There isn’t a day on Twitter, when there isn’t some sort of scheduled #chat around education or educational issues. Those involved in these dialogues (and I’ve been guilty of this too) believe that in the main they are talking to like-minded colleagues. They are, but in a public forum; where comments/opinions are open to all and recorded! In schools, teachers have professional dialogues within the confines of the staffroom or on a CPD session. They discuss, debate and openly challenge in order to ensure the best outcomes for children and young people. How many head teachers would issue an open invite to any parent or colleague from another school to join in a professional staff meeting discussion? I’m guessing, not many. So we need to re-think; what messages we are putting out there. I would say the same to colleagues at the DfE. The #AskNicky sessions do little to engender parental/community confidence and the reality is the dialogue is open to everyone, not just teachers and leaders. Those of us who enjoy interacting on social media need to be real; but transparency and being completely open are not the same thing.
NQTs use Twitter quite extensively to connect to more experienced teachers and leaders in order to learn as much as they can. Again, not a new concept – learning from those who have gone before. However, they also then get sucked in to other debates about change. Therein lies the second problem – implementing change. There is no doubt the pace of change in education since 2010 has been phenomenal. However, where I think our memories have lapsed is the thirteen years prior. When the Literacy Hour was introduced, I was teaching primary children at the time … those were the dark days! Observed in class on a nationally defined hourly clock! Ten minutes for spelling … move on ten minutes guided reading … move on. There wasn’t time or space for thinking conversations with the children, for pursuing different lines of inquiry, creativity etc. And we were ‘graded’ as ineffective professionals, if we didn’t keep to those nationally set times! It was during this period, that Ofsted changed radically to grading our lessons!
We now have greater autonomy in schools over curriculum, assessment, finance and strategy. Leaders, who separate the operational from the strategic are able to manage and direct change at a pace that is suitable to the local community. They use a robust theory of change to ground their vision and values; not just create ‘to-do’ priority lists that claim to be a school improvement plan. It is too easy to blame the government. The reality is the government simply creates generic frameworks (statutory and non-statutory) for us to professionally and pragmatically work within. They do not and cannot tell schools or school leaders what to do. Admittedly, the removal of the local authority personnel has resulted in local areas not guiding schools on what and how to implement change. Change, in itself is not the problem. As educators, we are in the business of life-long learning; which fundamentally is all about change and continual improvement. Before anyone jumps on the bandwagon of ‘education is not a business’, I would recommend you look up the definition of business.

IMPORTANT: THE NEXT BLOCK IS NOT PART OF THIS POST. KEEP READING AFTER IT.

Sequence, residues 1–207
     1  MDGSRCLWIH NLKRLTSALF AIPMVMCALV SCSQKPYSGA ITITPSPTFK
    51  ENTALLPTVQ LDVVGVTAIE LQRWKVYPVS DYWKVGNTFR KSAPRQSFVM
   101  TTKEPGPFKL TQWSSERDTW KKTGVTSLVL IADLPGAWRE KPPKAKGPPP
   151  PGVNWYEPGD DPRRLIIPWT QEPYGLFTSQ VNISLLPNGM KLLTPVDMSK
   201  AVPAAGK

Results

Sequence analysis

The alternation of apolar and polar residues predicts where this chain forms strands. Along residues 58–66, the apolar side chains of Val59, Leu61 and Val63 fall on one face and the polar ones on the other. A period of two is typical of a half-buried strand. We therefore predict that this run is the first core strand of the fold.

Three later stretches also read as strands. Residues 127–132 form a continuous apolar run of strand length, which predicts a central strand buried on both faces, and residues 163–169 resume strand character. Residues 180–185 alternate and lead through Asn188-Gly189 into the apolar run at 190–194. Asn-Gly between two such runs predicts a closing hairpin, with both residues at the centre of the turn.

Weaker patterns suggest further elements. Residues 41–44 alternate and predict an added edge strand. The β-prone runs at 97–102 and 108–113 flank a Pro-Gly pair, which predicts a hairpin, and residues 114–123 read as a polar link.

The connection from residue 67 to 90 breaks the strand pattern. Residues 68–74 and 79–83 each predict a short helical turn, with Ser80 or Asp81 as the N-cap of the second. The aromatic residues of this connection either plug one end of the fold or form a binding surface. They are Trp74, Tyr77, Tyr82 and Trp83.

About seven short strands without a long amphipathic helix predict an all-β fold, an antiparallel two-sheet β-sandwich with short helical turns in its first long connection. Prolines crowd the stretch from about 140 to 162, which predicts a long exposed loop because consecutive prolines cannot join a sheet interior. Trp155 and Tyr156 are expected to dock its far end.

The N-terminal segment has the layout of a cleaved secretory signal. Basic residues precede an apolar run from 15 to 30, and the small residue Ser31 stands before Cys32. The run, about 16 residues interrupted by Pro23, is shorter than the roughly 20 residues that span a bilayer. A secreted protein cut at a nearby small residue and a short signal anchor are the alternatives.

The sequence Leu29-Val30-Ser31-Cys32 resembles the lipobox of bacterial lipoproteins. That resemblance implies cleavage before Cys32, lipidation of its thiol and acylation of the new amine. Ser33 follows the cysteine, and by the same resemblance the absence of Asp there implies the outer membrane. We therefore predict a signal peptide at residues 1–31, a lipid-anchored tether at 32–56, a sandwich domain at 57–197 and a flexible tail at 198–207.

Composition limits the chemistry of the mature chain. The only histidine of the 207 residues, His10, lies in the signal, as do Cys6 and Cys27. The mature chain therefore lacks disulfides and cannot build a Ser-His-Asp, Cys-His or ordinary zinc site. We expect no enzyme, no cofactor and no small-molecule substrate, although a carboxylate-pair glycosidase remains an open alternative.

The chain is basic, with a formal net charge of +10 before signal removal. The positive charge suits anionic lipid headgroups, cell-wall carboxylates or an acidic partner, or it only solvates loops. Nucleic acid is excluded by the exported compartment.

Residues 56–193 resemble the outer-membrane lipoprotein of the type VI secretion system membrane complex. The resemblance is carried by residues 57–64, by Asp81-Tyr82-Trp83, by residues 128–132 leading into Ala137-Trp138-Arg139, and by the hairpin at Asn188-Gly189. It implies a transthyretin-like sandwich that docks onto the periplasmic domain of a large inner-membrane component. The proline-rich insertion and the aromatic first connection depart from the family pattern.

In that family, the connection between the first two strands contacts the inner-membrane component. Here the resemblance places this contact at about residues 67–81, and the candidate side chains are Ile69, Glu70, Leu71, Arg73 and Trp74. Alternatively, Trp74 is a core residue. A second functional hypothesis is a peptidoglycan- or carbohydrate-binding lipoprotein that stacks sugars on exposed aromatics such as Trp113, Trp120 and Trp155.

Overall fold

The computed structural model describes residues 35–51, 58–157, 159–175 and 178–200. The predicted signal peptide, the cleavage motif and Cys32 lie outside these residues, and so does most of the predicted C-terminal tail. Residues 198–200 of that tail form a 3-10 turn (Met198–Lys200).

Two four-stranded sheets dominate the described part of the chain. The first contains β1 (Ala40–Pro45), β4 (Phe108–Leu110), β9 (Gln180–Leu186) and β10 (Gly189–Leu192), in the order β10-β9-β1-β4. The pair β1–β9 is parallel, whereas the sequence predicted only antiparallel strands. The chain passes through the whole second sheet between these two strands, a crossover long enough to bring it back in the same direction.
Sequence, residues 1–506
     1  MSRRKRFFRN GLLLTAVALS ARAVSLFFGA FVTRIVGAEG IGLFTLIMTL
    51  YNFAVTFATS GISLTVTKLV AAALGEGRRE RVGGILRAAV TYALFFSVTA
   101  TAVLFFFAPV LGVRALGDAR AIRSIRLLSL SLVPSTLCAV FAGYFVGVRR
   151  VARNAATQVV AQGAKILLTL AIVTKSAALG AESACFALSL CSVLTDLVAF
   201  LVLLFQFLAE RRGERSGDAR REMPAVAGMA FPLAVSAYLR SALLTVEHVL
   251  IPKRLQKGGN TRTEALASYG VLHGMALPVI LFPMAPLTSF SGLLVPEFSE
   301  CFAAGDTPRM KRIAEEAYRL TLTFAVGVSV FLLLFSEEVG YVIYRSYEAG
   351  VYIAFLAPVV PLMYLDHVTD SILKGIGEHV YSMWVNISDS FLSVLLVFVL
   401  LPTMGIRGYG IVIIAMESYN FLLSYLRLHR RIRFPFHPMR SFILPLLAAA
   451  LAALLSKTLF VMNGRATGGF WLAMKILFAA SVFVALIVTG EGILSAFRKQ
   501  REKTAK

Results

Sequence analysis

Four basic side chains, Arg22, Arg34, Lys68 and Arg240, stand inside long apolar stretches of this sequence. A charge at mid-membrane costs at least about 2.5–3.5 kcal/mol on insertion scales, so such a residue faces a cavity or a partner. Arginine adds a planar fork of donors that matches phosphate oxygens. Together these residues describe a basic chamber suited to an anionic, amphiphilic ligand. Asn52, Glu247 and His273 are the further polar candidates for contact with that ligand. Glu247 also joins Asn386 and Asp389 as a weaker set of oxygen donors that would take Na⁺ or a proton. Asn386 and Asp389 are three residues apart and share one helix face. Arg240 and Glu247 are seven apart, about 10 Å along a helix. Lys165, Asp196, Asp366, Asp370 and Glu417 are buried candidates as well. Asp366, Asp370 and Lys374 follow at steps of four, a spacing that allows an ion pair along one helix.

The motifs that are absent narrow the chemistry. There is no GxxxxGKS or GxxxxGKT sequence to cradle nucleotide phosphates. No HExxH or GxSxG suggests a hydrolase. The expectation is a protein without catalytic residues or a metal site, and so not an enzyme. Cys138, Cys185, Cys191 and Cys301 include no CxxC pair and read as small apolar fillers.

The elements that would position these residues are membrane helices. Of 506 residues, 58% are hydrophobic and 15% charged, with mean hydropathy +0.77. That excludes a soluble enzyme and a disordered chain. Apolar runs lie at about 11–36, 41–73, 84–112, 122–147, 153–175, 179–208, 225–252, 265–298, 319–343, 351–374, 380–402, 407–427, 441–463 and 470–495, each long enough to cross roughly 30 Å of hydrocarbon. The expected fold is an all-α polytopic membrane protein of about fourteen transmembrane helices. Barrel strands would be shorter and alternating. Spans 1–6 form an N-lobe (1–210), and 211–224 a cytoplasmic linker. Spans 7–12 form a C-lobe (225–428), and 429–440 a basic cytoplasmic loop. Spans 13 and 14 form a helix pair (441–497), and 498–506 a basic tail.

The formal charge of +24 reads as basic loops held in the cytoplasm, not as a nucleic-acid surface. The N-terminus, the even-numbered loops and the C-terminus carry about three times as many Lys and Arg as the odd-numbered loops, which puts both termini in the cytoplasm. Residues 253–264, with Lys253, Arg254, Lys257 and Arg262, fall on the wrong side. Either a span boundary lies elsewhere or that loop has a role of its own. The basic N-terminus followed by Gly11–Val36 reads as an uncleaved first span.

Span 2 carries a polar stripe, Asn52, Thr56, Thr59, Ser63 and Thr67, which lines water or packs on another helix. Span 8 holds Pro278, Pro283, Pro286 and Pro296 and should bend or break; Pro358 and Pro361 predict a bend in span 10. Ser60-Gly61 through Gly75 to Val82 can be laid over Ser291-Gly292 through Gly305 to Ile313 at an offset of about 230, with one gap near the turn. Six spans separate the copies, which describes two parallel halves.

One of the reasons, I think we in the profession struggle with change is because we assume it means ‘more of’. We are hoarders by nature and so when something new is introduced, we sometimes tend not to let go of the past – holding onto the past and the new simultaneously – added burden. Other times, we do not take time to reflect on what we are doing and how it can be ‘adapted’ (not necessarily changed) to meet the new. During the constraining era of The National Strategies, with my SLT, I developed a strategic management system; so every time a ‘new initiative’ was put on the table, we would evaluate it in terms of the vision, values and current provision. On numerous occasions, we were able to go back and say (with confidence and authority), we don’t need to do XYZ new initiative because this is what we are already doing, this is how and this is the impact it has had. Strategic management gave us the confidence as a team to say “thank you, but no thanks” as well as sometimes shape the policy delivery for others.
Before I end, I feel it necessary to explain why I am no longer in the classroom. I have a sense no doubt someone will come back and say “easy for you to say – you no longer teach!” The classroom has and will always be where my heart is. The truth is simple, as a Senior Leader I facilitated a TA redundancy situation in a community, where there were falling numbers on roll. It wasn’t easy. The year after we had to make a teacher redundant. I did the maths and in order to protect final salaries of my longer serving colleagues, I took voluntary redundancy with the expectation I would be deployed to another school in the area. The school was scheduled to close the following year. My background in special educational needs led to my deployment to a local authority post as a SEND specialist teacher (strategic and statutory casework); which in turn led to my current work. So yes, I may not be currently in a classroom; but across the country, I enable many (who are in the classroom in diverse settings) to fulfill their role effectively. This is supported by my background in finance and Prince2.
I do believe this is a great time to be in education and we have great opportunities ahead of us to improve the system. However, I would also share four reflective thoughts; especially for those in leadership:
1. If you are serious about addressing the problem of recruitment and retention, stop airing negative comments and moaning in the public. Let’s celebrate the positive aspects of the profession and encourage/support each other. Find a confidant to share your worries, issues etc. These need to be expressed, but we need to think about to who, when and how.
2. If you want to positively influence the next generation of teachers, think about open chats in social media – do they help or hinder? Do they foster deeper relationships of trust?
3. Discern the operational from the strategic and use your community’s mission to choose what/when/how to implement new/different ways of doing things. You know your community!
4. Finally, embrace change! Sure, there are always going to be challenges, but I would rather be a part of the solution, than the problem – how about you?

Be the change you want to see!

With every good wish,